Overload VS Just-In-Time(JIT) Information

19 Responses

  1. Ernie says:

    I can relate! Information overload is a real thing. Sometimes I find I get too much in the details to step back and look at the real reason for the information and data. Not that details are unimportant, as they definitely are! But, I do like your advice when you stated, “That is the only way you’re going to be able to reduce your overload is to focus on one thing at a time that you need to do and need to do now, and only have the information you need for that and not running and chasing things.” I need to slow down and ask myself, what is the priority now before I get too bogged down in looking at absolutely everything. Thank you for your post!

    • CJ says:


      Taking a step back and looking at your priorities is a good place to start. When we step back reflect and evaluate things we gain a better perspective of where we are at and where we want to go. When we know these things it helps one to set priorities and focus on the top ones.

      Thanks for your comment

  2. Phil Ramage says:

    CJ & SJ,

    Please don’t take this the wrong way, but it’s interesting to note that it took you a 23-minute video to deliver the very true message that we are all liable to fall into the trap of being overwhelmed by being given too much information. There, I’ve been able to summarize your huge post in just over 2 lines. Perhaps, if you could learn to separate the wheat from the chaff of all the guff you hear, see and read on the net you would be able to make better progress. Even Dean falls into the trap of endlessly repeating things and stories. Perhaps he feels that he has to because new partners are joining all the time, but I frequently tune out ans even play a simple game like Tetris or Minesweeper until I hear him return to new ground.

    On another point, in your reply to Steve Moore’s comment, where he mentioned 2 books that he was reading, you replied saying that you were currently reading a series of books by Tony Robbins. Why are you doing that when you should be concentrating totally on The Beginner’s Advantage coaching, and all the work that that entails? Perhaps your overwhelm is, at least, partly caused by yourself, and Tony’s books could wait until you were showing better, more consistent results. I hope that you understand that I am only trying to be helpful, and nothing that I write should be taken as a criticism.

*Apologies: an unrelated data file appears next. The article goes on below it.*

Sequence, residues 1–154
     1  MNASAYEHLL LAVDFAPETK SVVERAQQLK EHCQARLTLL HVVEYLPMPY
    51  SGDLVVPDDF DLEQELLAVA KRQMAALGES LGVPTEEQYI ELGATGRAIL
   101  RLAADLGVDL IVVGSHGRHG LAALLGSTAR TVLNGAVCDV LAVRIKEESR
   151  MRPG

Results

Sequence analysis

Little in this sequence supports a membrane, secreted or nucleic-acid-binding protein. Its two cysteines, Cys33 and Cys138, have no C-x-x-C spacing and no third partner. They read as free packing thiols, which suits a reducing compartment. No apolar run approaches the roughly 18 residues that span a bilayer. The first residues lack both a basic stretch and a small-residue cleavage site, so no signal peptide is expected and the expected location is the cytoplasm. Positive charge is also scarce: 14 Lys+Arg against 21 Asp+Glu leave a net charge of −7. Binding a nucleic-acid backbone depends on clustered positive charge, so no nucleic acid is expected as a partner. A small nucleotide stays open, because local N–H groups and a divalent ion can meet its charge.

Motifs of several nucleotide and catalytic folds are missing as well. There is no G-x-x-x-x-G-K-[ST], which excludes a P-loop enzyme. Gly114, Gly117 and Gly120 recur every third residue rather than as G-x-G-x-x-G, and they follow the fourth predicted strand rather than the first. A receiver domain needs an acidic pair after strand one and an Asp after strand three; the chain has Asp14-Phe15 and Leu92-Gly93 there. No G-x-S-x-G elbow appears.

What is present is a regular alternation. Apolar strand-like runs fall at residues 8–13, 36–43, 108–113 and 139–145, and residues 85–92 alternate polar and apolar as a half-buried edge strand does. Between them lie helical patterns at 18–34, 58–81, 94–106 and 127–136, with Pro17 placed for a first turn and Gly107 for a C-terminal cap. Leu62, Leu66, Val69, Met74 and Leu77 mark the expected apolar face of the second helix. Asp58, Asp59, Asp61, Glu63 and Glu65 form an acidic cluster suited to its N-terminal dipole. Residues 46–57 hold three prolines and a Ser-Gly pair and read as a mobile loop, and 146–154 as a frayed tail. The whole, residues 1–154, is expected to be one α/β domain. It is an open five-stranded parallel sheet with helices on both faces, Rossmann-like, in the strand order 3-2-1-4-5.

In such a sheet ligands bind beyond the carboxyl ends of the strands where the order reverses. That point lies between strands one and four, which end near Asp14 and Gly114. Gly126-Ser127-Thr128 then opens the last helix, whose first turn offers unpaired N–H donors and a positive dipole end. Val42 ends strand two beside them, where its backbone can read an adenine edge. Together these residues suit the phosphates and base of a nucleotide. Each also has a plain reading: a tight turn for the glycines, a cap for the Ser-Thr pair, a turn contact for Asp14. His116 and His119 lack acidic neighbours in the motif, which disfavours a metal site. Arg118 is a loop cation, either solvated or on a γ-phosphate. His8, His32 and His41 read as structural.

• CJ says:


      Thanks for the constructive criticism it is always welcome and it is how we grow and it’s appreciated. I’m currently working on condensing things down into smaller bits but it is a work in progress as I’m new to writing content. As far as doing beginner advantage challenge & Tony Robins at the same time is because the challenge is part of my business growth goals and Tony Robins is part of my personal growth goals. These are my only things that I’m focused on. I have block everything else out. Again thanks for your honest assessment of the post.

      • Phil Ramage says:

        Thank you, CJ for taking my comments the right way, and I’m pleased that you realize that I am only trying to help. I’ve just left a much more positive comment on your beautiful 3 pigs analogy post.

  3. CJ, I can certainly relate to this post A LOT. Just this past week I was trying to accomplish several different tasks at a time. What happened was that I was unable to complete any of them due to squirrel syndrome. I appreciate you sharing your 5 things you suggested, as I feel they may help me.

    • CJ says:


      I am glad you were able to relate to the post. Don’t feel bad about having squirrel syndrome. It is easy to fall into that mode when there are so much information coming from all directions. We try to get it all done and end up getting nothing done. Another tip to help is to be organized. Organization helps keep the clutter out and provides a much more peaceful environment to work in. If you lower your information intake and declutter it is such a relaxing feeling. Keep working on moving from information overload to a JIT mentality and you will see progress.

      Thanks for commenting.

  4. I thought I needed to learn as much as fast as possible when I started out , not so smart pretty sure I got dumber. So now I think I’ll take in a little less at a time and learn more. Look forward to your next post.

    • CJ says:


      I wouldn’t say you got dumber but I would say you got overloaded which breeds confusion. An confusion breeds inaction. Then we are frozen and do not know where to go. I can see how that can make one feel like you are getting dumber though. Keep at reducing your information overload and you will begin to see progress as you grow in this area.

      Thanks for commenting.

  5. Atif Perwiz says:

    CJ, amazing value in your blog and it’s quite a lot to take in. I’ve suffered a lot in the past with information overload and either collecting too much or not collecting the right information and then not knowing what to do with it when you’ve got it and you end up running around in circles. My professional career is a lean six sigma black belt where I help clients look at their processes and make improvements. Just in time is a lean tool which is used in manufacturing. what I have learnt is about keeping things very simple. Just start with the basics just enough to start moving and then start adding things as you go along . Thanks so much for the effort that you both put into your blog. I’m sure you have your own TV series soon. Thanks. Atif